Moscow provides more evidence of US biolabs in Ukraine
Russia’s Defense Ministry on Monday laid out more evidence that US-funded laboratories were working in Ukraine. Documents and materials recovered by Russian troops showed that Western pharmaceutical companies operating in territory under Kiev’s control conducted HIV/AIDS research on Ukrainian military personnel.
The commander of Russia’s Nuclear, Biological and Chemical Defense Forces, Lieutenant General Igor Kirillov, presented Ukrainian-language documents referring to HIV infection studies that began in 2019. The list of targeted groups shows service members alongside prisoners, drug addicts and other “patients at high risk of infection.”
According to Kirillov, the Russian military has recovered more than 20,000 documents and other materials related to the biological programs in Ukraine, while interviewing eyewitnesses and participants. The evidence “confirms the focus of the Pentagon on creating biological weapons components and testing them on the population of Ukraine and other states along [Russia’s] borders,” the general told reporters.
Based on documents originating with the Pentagon’s Defense Threat Reduction Agency (DTRA), the Russian military identified eight more individuals involved in the US-funded research in Ukraine. Among the names Kirillov singled out was Karen Saylors of Labyrinth Global Health, previously of Metabiota, a company linked to US President Joe Biden’s son Hunter.
The latest trove of documents, belonging to the company Pharmbiotest, was unearthed in Lisichansk in the Lugansk People’s Republic (LPR) early in January, Kirillov noted.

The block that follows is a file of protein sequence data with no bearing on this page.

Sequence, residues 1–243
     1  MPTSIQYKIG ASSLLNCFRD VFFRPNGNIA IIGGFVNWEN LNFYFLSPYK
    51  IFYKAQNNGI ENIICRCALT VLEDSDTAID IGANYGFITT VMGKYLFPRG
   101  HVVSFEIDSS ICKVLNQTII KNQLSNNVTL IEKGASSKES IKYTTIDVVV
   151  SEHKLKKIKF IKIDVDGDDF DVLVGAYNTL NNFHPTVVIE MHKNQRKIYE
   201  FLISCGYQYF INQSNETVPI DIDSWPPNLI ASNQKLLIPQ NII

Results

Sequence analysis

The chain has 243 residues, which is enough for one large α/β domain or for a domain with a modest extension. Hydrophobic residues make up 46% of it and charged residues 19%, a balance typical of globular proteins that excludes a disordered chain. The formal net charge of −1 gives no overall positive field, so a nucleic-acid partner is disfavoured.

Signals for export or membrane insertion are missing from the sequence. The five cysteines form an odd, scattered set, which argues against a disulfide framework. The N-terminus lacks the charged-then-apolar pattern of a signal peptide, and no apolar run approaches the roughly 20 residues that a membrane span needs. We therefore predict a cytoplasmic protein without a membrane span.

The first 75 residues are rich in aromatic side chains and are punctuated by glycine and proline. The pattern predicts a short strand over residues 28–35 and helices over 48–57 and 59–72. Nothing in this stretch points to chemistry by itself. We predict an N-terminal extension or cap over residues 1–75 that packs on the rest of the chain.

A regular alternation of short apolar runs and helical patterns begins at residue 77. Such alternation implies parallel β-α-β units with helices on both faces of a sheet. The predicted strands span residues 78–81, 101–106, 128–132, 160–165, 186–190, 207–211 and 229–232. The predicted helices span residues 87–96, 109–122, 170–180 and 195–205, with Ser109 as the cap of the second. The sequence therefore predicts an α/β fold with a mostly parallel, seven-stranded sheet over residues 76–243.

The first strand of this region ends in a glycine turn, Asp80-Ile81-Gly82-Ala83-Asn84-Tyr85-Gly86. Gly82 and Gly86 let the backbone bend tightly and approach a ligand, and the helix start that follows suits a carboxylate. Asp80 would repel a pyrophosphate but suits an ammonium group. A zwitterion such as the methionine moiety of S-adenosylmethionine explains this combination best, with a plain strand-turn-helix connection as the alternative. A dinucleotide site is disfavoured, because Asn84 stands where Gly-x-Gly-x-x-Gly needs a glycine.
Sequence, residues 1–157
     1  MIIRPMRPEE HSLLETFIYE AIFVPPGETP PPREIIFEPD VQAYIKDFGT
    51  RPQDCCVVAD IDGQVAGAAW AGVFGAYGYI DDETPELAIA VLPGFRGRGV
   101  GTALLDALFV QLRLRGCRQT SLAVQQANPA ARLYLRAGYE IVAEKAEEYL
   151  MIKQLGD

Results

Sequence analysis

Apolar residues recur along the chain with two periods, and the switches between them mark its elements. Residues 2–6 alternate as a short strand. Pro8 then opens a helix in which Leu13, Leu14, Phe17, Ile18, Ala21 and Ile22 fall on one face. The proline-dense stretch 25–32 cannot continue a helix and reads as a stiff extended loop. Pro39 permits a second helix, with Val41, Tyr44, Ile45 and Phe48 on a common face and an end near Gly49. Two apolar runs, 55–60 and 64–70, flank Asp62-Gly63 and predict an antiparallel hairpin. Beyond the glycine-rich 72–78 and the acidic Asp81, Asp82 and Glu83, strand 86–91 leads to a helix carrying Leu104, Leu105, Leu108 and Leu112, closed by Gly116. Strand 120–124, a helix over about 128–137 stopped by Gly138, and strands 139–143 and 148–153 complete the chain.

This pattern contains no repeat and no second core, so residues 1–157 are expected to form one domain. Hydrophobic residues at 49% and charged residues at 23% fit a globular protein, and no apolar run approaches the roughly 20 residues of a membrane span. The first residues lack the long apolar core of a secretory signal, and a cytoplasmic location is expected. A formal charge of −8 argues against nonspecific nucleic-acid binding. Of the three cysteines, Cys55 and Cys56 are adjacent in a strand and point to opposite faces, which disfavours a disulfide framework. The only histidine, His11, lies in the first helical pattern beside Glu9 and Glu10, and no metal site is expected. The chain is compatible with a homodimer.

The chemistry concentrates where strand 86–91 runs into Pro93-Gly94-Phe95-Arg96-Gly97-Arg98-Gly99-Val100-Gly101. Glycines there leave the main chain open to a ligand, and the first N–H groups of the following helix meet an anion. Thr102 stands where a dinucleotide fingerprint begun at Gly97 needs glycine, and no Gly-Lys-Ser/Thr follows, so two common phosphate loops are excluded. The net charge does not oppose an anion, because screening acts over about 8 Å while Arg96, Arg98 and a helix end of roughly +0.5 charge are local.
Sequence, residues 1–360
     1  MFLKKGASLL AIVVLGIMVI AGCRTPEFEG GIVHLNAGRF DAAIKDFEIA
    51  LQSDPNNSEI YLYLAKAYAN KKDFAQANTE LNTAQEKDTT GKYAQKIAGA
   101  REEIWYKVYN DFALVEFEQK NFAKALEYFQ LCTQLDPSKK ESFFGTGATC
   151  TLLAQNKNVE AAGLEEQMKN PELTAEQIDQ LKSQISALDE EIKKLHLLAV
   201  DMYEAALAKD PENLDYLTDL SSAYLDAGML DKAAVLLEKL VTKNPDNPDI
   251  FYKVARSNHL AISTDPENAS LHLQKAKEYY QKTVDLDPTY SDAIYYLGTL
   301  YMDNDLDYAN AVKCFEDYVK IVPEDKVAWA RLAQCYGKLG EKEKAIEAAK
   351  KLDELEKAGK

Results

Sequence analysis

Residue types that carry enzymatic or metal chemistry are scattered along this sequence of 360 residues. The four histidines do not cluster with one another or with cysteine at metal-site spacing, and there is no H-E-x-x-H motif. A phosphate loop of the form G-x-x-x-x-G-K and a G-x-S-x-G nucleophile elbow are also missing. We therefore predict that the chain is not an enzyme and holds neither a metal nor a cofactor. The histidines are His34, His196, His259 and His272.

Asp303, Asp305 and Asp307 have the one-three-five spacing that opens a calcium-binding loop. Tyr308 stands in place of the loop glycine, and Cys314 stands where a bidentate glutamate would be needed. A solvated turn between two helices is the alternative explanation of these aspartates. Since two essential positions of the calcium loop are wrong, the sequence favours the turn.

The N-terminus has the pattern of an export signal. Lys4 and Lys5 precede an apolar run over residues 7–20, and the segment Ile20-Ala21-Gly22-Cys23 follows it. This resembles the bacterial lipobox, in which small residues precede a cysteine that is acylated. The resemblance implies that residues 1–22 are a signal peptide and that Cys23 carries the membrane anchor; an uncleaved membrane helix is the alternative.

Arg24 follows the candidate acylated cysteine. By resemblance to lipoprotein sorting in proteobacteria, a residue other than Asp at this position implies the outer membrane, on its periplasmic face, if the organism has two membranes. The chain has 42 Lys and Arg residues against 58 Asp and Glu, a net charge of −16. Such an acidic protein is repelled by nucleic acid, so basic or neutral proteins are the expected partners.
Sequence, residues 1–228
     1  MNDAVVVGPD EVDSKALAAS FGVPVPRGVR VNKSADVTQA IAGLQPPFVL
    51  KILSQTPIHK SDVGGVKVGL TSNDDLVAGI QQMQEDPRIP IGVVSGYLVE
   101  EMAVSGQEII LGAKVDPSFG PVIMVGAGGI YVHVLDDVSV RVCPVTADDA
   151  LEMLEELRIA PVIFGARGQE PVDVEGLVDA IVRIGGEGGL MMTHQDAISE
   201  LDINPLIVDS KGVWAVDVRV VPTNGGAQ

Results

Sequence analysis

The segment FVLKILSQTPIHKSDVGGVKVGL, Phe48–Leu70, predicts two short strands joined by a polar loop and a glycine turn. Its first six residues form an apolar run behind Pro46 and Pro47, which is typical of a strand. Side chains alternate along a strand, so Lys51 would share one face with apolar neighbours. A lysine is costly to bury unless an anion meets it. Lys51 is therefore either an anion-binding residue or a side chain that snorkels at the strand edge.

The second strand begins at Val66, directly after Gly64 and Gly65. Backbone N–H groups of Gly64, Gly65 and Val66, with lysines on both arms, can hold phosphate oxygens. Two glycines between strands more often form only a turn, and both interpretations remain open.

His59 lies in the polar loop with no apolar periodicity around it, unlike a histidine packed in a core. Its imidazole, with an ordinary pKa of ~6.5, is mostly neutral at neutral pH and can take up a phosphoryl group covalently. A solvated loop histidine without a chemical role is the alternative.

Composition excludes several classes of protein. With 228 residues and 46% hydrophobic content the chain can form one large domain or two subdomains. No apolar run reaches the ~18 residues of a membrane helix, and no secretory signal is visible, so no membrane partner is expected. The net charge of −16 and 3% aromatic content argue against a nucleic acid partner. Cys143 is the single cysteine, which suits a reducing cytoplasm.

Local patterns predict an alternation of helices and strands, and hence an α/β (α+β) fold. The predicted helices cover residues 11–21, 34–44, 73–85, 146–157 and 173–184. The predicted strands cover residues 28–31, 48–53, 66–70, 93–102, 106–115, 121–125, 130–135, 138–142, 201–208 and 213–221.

“Clinical samples and patient records with their personal data were buried, and not cremated or destroyed in a proper fashion. This suggests that the destruction of this evidence was carried out in extreme haste,” the lieutenant general said.
In October 2022, Russia filed an official complaint over alleged US-backed biological activities in Ukraine and requested a UN probe into the matter. The UN Security Council rejected Moscow’s proposal after the US, UK, and France voted against it. The US opposition “once again confirms that Washington has something to hide, and that ensuring the transparency of biological research is contrary to US interests,” Kirillov said.
As evidence of the widespread threat posed by the Pentagon’s biological research conducted beyond America’s borders, Kirillov referred to the previously mentioned US involvement in coronavirus studies, including by funding the nonprofit EcoHealth Alliance that contracted with the laboratory in Wuhan, China.
Kirillov also brought up the 1977 outbreak of Rift Valley Fever in Egypt, near a biological laboratory run by the US Navy. The disease previously known only south of the Sahara made a surprise appearance in Cairo a few months after the lab employees were vaccinated against it, the general said. Moreover, the Cairo strain was “highly pathogenic” compared to the disease’s normal flu-like symptoms, suggesting the involvement of gain-of-function experiments.